Supreme Court struck down the Stolen Valor Act that punished those who lied about earning military medals.
WASHINGTON - People can't be prosecuted for lying about receiving a military medal, the Supreme Court said, invoking free-speech rights to strike down a federal law intended to protect the integrity of armed services awards.
The justices, voting 6 to 3, on Thursday invalidated the Stolen Valor Act of 2005, which punished violators with as much as a year in prison. The case tested the extent of the protection for false statements under the Constitution's First Amendment.
"Permitting the government to decree this speech to be a criminal offense, whether shouted from the rooftops or made in a barely audible whisper, would endorse government authority to compile a list of subjects about which false statements are punishable," said Justice Anthony Kennedy, who wrote the majority opinion.
Comparing the Stolen Valor Act to George Orwell's novel "1984," about a futuristic totalitarian state, Kennedy wrote, "Our constitutional tradition stands against the idea that we need Oceania's Ministry of Truth."
The case before the justices involved Xavier Alvarez, one of the first individuals charged under the law that made it a crime for a person to falsely claim, orally or in writing, "to have been awarded any decoration or medal authorized by Congress for the Armed Forces of the United States."
In 2007, Alvarez was serving as an elected member of the local water board in Pomona, Calif., when he said at a board meeting that he had served 25 years in the Marines and had been awarded the Congressional Medal of Honor. He had never served in the military.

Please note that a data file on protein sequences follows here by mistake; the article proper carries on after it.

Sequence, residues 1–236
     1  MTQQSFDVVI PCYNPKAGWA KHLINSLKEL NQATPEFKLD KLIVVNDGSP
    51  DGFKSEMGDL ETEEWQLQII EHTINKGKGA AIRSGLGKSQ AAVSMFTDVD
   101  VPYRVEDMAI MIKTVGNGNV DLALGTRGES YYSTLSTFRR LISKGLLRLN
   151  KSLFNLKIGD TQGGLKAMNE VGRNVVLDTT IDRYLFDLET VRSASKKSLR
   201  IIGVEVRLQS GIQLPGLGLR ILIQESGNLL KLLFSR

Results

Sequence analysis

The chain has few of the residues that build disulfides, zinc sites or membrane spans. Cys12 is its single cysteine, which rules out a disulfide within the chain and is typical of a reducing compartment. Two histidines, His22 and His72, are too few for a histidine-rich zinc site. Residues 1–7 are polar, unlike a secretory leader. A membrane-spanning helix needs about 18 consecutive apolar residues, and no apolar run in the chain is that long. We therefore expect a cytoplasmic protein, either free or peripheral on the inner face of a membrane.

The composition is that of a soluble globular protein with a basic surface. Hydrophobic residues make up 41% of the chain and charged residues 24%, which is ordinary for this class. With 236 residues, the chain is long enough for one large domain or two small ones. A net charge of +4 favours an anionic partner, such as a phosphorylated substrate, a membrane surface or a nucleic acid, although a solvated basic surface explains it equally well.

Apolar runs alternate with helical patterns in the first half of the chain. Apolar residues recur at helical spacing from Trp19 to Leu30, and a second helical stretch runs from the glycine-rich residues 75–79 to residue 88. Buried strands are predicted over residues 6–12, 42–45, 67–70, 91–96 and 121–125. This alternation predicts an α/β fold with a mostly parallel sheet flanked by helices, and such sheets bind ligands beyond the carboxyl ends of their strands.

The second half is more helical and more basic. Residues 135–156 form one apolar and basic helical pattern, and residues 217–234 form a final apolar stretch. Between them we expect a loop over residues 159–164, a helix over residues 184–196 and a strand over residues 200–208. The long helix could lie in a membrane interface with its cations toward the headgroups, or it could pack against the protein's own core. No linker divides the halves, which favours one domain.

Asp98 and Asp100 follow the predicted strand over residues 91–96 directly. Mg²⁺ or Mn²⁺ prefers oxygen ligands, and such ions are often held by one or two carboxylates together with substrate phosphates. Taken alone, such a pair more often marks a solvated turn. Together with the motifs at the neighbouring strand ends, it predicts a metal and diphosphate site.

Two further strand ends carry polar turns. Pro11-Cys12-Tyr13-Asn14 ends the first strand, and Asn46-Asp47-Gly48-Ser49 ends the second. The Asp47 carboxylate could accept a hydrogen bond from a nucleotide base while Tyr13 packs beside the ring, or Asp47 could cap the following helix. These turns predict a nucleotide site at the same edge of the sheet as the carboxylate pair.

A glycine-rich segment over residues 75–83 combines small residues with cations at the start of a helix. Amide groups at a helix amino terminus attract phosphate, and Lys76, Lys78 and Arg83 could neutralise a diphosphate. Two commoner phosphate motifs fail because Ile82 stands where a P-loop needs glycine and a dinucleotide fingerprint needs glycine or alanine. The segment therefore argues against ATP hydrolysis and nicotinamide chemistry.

He was charged and pleaded guilty, while reserving his right to appeal on First Amendment grounds. Alvarez was sentenced to three years of probation, a $5,000 fine and 416 hours of community service. A divided federal appeals court in San Francisco threw out the guilty plea.
Prosecutors have filed charges under the Stolen Valor Act in 45 cases since the law was enacted, Alvarez said in court papers.
Justice Samuel Alito, who wrote the dissenting opinion, said the majority erred by protecting the right to lie in a way that may cause harm to the U.S. system of military honors.
"The right to free speech does not protect false factual statements that inflict real harm and serve no legitimate interest," Alito wrote in an opinion joined by Justices Antonin Scalia and Clarence Thomas.
The Obama administration, defending the law before the court, had said previous Supreme Court cases establish that false statements are entitled only to limited First Amendment protection. Twenty states backed that position, citing laws criminalizing bomb hoaxes and false impersonation. Alvarez contended that the court has never carved out an exception to the First Amendment for lies. He and his supporters argued that the government at least must show that someone was harmed by a false statement.